The Vikings are in an enviable position where they do not have a lot of glaring holes personnel-wise. With the 30th pick in the draft, they can take the best player available, regardless of position. But as they move deeper into the second, third, fourth rounds, there are positions whose depth needs addressing. Specifically, they exit 2017 a touch thin in the interior line department. Today, we will take a look at someone who could help fill that hole: Skyler Phillips, a guard from Idaho State.
Phillips’ projection is hard to gauge; mock drafts have him anywhere from a second round pick to a sixth round pick. His FCS background could see him slip a little further than deserved, but Phillips has the size, agility and strength to be a starting NFL guard.
There are some question marks with Phillips immediately. For one, he has a slight injury history, missing most of 2016. However, he was a four-year starter at Idaho State and started four more during his medical red shirt season. The one year of injury is the only blip on his resume in that regard.
The other big question is the same for any player coming from an FCS school: Competition. Phillips anchored a prolific offensive attack for Idaho State but their highest profile opponent in 2017 was Nevada. While Phillips dominated more often than not, earning Third Team All-American along the way, he lacks the pedigree of other NFL-ready guards. Because of this, his Senior Bowl appearance will carry more weight on his draft stock than, say, Dan Feeney of Indiana.
That being said, fact is that Phillips could only play the opponents on his schedule. And when he did, he wreaked havoc, like a pro prospect should. So let’s examine his game and how it will translate.
First and foremost, Phillips is a specimen. He has NFL guard size at six-foot-two to six-foot-three, depending on who you ask and anywhere from 315 to 340 pounds. But he has more than just the size; he is exceptionally mobile, as well. Phillips possesses lateral quickness of an NFL left tackle with surprising vertical speed.
This is the most important thing to look at when gauging a guard prospect’s potential and Phillips has many of the features that go into a successful pro run-blocker. First and foremost, he almost always gets a strong first push. He flies off the ball, knocking the defender a yard back before he has time to react. Even on plays where he does not sustain a block, it works out because of the strong initial push.
Secondly, his pulling is exceptional. Phillips is a bit more methodical on his pulls, reading the defense before kicking into another gear and exploding at the defender on the edge. He pulls with a purpose, but does so constructively, not just at 100 miles per hour.
In FCS action, Phillips did not see a ton of top-notch pass-rushers. So to really judge his pass-blocking ability, it is more about examining technique. Phillips played left tackle for multiple seasons before bumping inside and his time there clearly helps in his pass set. He never lunges, receiving his opponent but also using his hands to keep them at bay. He has the leg strength to stop bull rushes and the lateral quickness to handle moves. But his success in pass pro all starts with the initial set.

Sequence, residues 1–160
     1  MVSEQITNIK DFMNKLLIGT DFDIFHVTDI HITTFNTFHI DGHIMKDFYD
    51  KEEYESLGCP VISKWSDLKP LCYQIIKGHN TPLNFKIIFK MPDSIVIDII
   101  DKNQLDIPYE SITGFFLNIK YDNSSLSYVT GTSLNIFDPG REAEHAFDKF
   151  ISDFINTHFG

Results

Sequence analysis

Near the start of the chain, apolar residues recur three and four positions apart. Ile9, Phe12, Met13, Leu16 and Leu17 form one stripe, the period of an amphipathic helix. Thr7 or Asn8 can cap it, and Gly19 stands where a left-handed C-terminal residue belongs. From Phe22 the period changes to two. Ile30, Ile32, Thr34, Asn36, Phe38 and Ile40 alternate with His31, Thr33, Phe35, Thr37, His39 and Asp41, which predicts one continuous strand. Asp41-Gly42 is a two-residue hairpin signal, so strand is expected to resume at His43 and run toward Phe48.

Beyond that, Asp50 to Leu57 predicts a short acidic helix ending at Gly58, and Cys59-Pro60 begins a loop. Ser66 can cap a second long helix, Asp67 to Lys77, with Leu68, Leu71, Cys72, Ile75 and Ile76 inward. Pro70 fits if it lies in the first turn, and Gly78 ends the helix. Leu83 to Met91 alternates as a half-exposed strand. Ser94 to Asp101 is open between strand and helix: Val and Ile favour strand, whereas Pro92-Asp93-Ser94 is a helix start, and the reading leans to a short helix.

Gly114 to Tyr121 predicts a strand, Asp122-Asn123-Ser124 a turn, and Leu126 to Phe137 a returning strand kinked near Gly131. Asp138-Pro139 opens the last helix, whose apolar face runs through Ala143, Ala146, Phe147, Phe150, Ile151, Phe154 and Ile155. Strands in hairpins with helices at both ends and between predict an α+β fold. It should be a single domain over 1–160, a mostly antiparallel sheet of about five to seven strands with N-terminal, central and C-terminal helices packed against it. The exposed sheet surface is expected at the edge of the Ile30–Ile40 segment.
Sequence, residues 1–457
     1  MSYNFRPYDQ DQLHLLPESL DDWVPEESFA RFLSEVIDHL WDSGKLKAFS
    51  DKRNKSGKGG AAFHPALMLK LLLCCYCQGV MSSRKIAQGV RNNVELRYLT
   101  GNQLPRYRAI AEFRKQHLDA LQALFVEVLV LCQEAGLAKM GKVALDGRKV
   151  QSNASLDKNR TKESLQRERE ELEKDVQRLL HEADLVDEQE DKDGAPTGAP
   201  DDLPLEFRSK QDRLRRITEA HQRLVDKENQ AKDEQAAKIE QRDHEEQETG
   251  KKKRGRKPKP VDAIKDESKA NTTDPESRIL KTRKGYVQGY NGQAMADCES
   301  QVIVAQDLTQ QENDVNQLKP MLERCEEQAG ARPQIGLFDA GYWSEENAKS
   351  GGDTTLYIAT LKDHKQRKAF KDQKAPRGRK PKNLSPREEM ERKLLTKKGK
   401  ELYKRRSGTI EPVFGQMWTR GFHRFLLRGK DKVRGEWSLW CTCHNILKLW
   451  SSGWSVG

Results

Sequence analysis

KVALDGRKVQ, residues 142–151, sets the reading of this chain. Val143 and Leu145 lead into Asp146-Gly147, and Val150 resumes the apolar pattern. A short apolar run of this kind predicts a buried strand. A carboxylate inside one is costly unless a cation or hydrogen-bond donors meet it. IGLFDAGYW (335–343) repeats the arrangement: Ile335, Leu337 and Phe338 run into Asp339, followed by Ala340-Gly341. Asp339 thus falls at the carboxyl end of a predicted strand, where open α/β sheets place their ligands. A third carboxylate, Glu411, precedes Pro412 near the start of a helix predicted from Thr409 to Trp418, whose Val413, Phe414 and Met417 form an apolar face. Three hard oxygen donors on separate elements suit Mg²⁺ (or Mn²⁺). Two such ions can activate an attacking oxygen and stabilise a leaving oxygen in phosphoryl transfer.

Simply put, he makes a lot of correct decisions. He knows when to leave a man on the line and move to the second level, who to pick up on stunts and blitzes and how to set up outside runs and screens. Idaho State uses a lot of spread and therefore, there is not much “second level” for Phillips to reach. But when he needs to, he can get to linebackers and safeties without issue.
This is the most glaring and most worrisome of Phillips’ weaknesses. After a strong initial push, there are a significant number of plays where he loses the block a hair too soon. In a league of zone blocking and patient runners, sustaining blocks can be more important than even the initial push. There is some comfort in the fact that, generally speaking, he loses blocks generally because he fails to stay on his feet. It is not so much that he is beaten after a couple seconds, more so that he has bouts with clumsiness.
Losing Across His Face
This was not a common occurrence. But from time-to-time, smaller, quicker defensive tackles were able to beat Phillips inside across his face. It was always on pass plays and typically on dropbacks of three steps or fewer where the line engages rather than drops into a pass set. As stated earlier, Phillips is quick enough most of the time and NFL tackles will not be 240 pounds and fast. But a lot are 300 pounds and fast.
His Place in Minnesota
The Vikings could use a “bubble butt” guard next to Pat Elflein (yes, that is a real scientific term). Imagine the athleticism of Elflein and Phillips out on the edge, clearing the way on a halfback screen. Minnesota is not particularly deep at guard; with Joe Berger retiring, it may be down to Nick Easton and Danny Isidora. With those two, the Vikings have athletic, but relatively small guards as both are around 300 pounds. And Isidora has almost no in-game experience.
Phillips brand of hard-nosed run-blocking and ability to get on the edge would work well with the Vikings personnel. They have running backs who get out on the edge, both in the run and pass game. They use a lot of play action and roll-outs. All of these require strong, but mobile linemen to create space. Phillips appears to have the necessary qualities to fit in.
You can check out Phillips’ game against Utah State on Sept. 7, 2017 here:
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